Psychology Dictionary of Arguments

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Judgments: A judgment differs from a statement in that it also asserts the truth of its content. In logic, this is expressed with a graphical emphasis, the judgment stroke. See also Truth, Statements, Assertions.
Annotation: The above characterizations of concepts are neither definitions nor exhausting presentations of problems related to them. Instead, they are intended to give a short introduction to the contributions below. – Lexicon of Arguments.

Author Concept Summary/Quotes Sources

Gottlob Frege on Judgments - Dictionary of Arguments

II 47
Judgement: the judgement is the progression from the thoughts to its truth value.
, >Truth value.
II 32
Judgement Line/Frege: the judgement line asserts something. On the other hand: "2 + 3 = 5" is just a truth value written down. With the judgement symbol/line it is said at the same time that the truth value is truth.
>Judgment stroke.
- - -
IV 56
Judgment/Frege: e.g. if the accused was in Rome at the time, he could not have committed the crime. One judgement, three thoughts.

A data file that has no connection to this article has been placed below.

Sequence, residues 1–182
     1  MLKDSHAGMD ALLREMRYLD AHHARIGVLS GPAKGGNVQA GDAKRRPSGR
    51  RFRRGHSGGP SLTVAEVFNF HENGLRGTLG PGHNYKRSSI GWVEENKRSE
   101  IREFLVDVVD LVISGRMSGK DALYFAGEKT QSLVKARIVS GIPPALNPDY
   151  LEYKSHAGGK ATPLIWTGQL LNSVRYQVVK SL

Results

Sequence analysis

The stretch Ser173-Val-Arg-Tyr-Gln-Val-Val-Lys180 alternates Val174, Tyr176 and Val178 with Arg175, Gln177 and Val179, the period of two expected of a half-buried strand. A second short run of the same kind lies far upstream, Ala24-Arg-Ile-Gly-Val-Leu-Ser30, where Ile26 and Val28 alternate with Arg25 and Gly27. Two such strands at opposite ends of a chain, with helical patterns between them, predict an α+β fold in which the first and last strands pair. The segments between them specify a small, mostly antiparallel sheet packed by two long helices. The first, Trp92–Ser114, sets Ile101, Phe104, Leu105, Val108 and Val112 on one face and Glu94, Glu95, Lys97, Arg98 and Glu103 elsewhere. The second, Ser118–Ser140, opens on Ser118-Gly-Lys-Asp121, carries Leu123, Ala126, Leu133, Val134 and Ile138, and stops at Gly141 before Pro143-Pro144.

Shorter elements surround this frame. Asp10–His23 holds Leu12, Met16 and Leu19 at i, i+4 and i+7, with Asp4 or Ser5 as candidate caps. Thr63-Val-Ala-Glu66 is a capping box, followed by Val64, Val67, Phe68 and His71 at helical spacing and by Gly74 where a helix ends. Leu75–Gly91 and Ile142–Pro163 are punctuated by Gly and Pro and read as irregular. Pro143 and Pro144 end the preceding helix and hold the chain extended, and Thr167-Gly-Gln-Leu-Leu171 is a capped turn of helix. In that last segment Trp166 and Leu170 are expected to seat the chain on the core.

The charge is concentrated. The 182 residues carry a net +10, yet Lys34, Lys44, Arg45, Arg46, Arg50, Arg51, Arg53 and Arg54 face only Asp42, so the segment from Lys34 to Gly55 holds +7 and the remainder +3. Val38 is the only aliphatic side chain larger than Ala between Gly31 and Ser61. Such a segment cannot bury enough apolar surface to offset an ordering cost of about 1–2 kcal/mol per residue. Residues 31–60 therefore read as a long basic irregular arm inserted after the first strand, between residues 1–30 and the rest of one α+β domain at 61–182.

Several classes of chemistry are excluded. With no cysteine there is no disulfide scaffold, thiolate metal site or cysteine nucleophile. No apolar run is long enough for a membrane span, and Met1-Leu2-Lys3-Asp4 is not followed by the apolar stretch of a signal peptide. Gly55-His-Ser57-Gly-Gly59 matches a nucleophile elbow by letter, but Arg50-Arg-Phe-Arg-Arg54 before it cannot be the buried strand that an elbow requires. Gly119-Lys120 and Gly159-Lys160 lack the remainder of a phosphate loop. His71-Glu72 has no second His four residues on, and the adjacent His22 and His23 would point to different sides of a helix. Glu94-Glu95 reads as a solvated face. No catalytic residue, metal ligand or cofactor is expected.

IV 63
It is wrong to believe that a judgement realizes a connection or an order. >Order.
IV 65
Judgement: is a mental process and needs a bearer. Negation/denial: negation does not need a bearer.

Explanation of symbols: Roman numerals indicate the source, arabic numerals indicate the page number. The corresponding books are indicated on the right hand side. ((s)…): Comment by the sender of the contribution. Translations: Dictionary of Arguments
The note [Concept/Author], [Author1]Vs[Author2] or [Author]Vs[term] resp. "problem:"/"solution:", "old:"/"new:" and "thesis:" is an addition from the Dictionary of Arguments. If a German edition is specified, the page numbers refer to this edition.

G. Frege
Die Grundlagen der Arithmetik Stuttgart 1987

G. Frege
Funktion, Begriff, Bedeutung Göttingen 1994

G. Frege
Logische Untersuchungen Göttingen 1993

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